Kat Timpf also comments on the guide here.

  • Instead of learning about π yesterday, a bunch of schoolkids "walked out" in support of … something about guns. It didn't make a lot of sense, but was heavy on the feels. At the Federalist, Robert Tracinski explains: The National School Walkout Sums Up Our Middle School Politics.

    The National School Walkout perfectly sums up politics in 2018. It makes total sense to draft school kids as political activists, because all of our politics is already just an inflated version of middle school.

    The most striking fact about this walkout is how it became effectively a school sponsored political event in many areas. Actually, that’s only the second most striking fact. The most striking fact is that it was the brainchild of the Women’s March, an organization founded and still run by fangirls of a rabid anti-Semite. So naturally their initiatives are embraced by the nation’s teachers. I’m glad everybody got the memo about not tolerating bigots.

    Apparently the feelings-based rhetoric favored by your local fifth-graders feeds into the highest reaches of our government, as in this tweet from our state's senior senator:

    Twitter is a write-only media for Senator Jeanne, so replies are pointless and stupid. I made one anyway:

    Politicians are supposed to be smarter than a fifth-grader. Aren't they?

URLs du Jour

π Day 2018

[Amazon Link]

  • Proverbs 15:31 is another fortune cookie:

    31 Whoever heeds life-giving correction
        will be at home among the wise.

    And perhaps they will give you Σ π. Ha!

  • The WaPo's Elizabeth Bruenig has made some noise lately advocating for socialism. Steven Horwitz takes her as seriously as possible, and imagines What a Good-Faith Discussion of Socialism Might Really Look Like. He quotes Breunig:

    [C]apitalism…encourages and requires fierce individualism, self-interested disregard for the other, and resentment of arrangements into which one deposits more than he or she withdraws. (As a business-savvy friend once remarked: Nobody gets rich off of bilateral transactions where everybody knows what they’re doing.) Capitalism is an ideology that is far more encompassing than it admits, and one that turns every relationship into a calculable exchange. Bodies, time, energy, creativity, love — all become commodities to be priced and sold. Alienation reigns. There is no room for sustained contemplation and little interest in public morality; everything collapses down to the level of the atomized individual.

    Horwitz's rebuttal:

    It takes some chutzpah to define capitalism that way then complain your critics are arguing in bad faith, given what a bad-faith explanation of capitalism that is. I could spend this whole space picking apart that definition claim by claim, especially its ignorance about the nature of exchange. It might be easier to ask folks who have lived under nominally socialist regimes whether that paragraph better describes their lives under socialism or capitalism. I’m pretty sure it’s the former, not the latter.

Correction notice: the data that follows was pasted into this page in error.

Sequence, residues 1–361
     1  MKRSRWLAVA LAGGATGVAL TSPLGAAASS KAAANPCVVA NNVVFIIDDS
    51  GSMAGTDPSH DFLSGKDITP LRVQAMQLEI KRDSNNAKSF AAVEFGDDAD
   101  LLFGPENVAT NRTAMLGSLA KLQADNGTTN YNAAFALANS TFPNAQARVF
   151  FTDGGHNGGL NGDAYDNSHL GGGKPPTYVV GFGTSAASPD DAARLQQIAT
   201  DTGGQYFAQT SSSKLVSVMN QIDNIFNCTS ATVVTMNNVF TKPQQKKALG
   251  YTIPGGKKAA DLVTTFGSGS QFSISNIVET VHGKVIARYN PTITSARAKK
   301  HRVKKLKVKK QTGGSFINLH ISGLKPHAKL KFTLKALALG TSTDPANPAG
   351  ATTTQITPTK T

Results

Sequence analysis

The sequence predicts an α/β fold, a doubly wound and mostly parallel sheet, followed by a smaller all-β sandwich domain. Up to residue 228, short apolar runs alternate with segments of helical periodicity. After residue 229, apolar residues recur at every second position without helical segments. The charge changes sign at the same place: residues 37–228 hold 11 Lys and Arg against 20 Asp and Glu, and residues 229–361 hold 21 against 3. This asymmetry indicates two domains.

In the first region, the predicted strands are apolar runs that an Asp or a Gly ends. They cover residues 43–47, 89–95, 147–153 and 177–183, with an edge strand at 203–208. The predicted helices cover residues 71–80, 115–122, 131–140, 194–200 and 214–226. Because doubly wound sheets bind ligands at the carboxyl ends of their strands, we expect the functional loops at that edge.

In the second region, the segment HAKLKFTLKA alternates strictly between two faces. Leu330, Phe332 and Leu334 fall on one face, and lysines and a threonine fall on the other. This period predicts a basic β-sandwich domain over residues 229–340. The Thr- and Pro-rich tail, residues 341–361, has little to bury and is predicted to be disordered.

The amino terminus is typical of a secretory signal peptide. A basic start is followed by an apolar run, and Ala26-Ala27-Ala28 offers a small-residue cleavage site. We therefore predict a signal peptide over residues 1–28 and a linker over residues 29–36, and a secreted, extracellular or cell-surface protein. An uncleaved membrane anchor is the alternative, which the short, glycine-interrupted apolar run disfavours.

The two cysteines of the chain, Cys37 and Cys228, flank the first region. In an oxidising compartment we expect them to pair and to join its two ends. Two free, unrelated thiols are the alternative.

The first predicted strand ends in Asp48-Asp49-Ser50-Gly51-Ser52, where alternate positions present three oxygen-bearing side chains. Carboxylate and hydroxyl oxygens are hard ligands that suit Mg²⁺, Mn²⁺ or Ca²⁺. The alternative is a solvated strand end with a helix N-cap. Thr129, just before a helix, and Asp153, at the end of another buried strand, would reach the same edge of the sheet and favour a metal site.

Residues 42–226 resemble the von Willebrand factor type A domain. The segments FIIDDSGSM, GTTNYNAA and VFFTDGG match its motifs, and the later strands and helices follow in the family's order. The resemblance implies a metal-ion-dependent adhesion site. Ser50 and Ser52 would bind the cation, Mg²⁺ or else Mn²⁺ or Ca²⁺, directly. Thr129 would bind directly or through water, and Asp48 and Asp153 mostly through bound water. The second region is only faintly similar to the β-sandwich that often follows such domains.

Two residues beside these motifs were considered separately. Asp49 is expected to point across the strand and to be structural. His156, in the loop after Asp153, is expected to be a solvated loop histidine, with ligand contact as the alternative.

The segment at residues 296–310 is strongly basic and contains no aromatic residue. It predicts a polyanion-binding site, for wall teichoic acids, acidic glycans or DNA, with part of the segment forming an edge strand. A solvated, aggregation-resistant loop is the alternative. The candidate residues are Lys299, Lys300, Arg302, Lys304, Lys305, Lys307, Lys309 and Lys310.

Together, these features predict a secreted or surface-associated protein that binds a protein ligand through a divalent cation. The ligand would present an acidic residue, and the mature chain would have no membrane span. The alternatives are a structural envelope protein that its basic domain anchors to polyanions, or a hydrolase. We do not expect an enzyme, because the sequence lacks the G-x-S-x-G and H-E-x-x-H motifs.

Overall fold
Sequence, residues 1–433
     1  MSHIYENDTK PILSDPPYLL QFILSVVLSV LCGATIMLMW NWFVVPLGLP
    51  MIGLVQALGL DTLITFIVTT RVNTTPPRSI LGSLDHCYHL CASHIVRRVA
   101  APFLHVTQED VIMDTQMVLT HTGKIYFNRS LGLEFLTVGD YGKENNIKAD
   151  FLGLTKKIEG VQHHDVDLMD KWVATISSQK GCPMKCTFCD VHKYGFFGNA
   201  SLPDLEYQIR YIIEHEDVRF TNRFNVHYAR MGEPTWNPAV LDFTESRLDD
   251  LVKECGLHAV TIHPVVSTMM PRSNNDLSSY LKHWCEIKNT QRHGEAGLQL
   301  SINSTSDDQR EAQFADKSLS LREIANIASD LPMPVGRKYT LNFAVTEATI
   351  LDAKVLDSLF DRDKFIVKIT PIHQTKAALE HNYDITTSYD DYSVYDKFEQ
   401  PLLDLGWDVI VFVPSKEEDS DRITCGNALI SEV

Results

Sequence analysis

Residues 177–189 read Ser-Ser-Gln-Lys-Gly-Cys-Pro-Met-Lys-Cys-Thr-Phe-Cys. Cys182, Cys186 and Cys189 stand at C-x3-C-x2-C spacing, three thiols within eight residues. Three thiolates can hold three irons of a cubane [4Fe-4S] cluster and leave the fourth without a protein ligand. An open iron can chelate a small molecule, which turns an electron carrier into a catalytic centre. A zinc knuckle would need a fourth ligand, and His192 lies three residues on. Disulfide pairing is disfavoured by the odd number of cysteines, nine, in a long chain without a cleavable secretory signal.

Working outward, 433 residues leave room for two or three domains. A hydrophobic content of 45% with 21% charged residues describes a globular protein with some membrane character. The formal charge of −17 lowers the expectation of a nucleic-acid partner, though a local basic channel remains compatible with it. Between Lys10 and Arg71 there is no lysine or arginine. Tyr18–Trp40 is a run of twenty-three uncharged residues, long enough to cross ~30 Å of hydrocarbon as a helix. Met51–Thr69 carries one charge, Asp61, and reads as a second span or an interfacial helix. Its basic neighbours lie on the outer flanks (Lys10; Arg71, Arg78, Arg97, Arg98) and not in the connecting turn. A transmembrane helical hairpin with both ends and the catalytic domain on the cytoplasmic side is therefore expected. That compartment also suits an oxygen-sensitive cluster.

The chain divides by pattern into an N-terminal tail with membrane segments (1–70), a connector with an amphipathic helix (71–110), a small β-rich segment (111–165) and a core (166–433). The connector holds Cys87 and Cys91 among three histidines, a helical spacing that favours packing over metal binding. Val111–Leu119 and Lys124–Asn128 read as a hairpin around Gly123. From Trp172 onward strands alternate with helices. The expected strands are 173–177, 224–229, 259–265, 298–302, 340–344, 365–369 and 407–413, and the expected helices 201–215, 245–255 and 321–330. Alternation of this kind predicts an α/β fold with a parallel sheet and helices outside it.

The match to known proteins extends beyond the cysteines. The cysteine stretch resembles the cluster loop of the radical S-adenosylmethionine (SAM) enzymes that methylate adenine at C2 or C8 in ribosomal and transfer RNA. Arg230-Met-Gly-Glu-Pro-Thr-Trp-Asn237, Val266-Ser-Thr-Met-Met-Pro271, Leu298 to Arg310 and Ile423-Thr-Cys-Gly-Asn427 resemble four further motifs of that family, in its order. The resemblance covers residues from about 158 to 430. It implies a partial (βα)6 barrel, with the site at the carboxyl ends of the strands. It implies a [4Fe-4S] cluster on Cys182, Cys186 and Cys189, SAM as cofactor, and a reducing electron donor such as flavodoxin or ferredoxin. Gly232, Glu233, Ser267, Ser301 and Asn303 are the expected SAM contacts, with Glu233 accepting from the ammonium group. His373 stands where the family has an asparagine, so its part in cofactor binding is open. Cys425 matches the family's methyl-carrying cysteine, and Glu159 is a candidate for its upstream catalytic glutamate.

Bruenig's problem, Horwitz argues, is that she defines socialism in terms of its goals, not its structure. That's not enough.

  • But we have enough real-life instances of "democratic" socialistic policies here in the US already. At Cato, Chris Edwards describes Federal Fuel Foolishness

    The federal government imposes a mandate to blend ethanol into gasoline. This “Renewable Fuel Standard” harms consumers, damages the economy, and produces negative environmental effects. The mandate has also spawned a bureaucratic trading system in ethanol credits, which the Wall Street Journal reports is bankrupting a refinery in Pennsylvania.

    The rubber hits the road with that “10% Ethanol” sticker you see on the pump when you fill your tank. The sticker signifies that the government is imposing a foolish policy on the nation at the behest of a handful of selfish senators, who are bucking the interests of America’s 220 million motorists.

    Those senators are Republicans from Iowa and Nebraska; so much for the GOP being a reliable friend of capitalism. From the linked WSJ article:

    The core problem is that the federal government has distorted the energy market by using subsidies and mandates to support biofuels. The solution is to end this political favoritism. But if the Trump Administration lacks the political fortitude to stand up to the ethanol lobby, at least it can limit the most destructive effects. When policy is this bad, almost anything is an improvement over the status quo.

    The "almost anything" advocated by the WSJ writer: the EPA should grant waivers to independent oil refiners who can't meet the biofuel mandates.

  • Hillary Clinton made news again by revealing her deep contempt for the folks that voted against her. Michael Brendan Dougherty writes at NR about Hillary’s Bitter Clinging. Quoting HRC: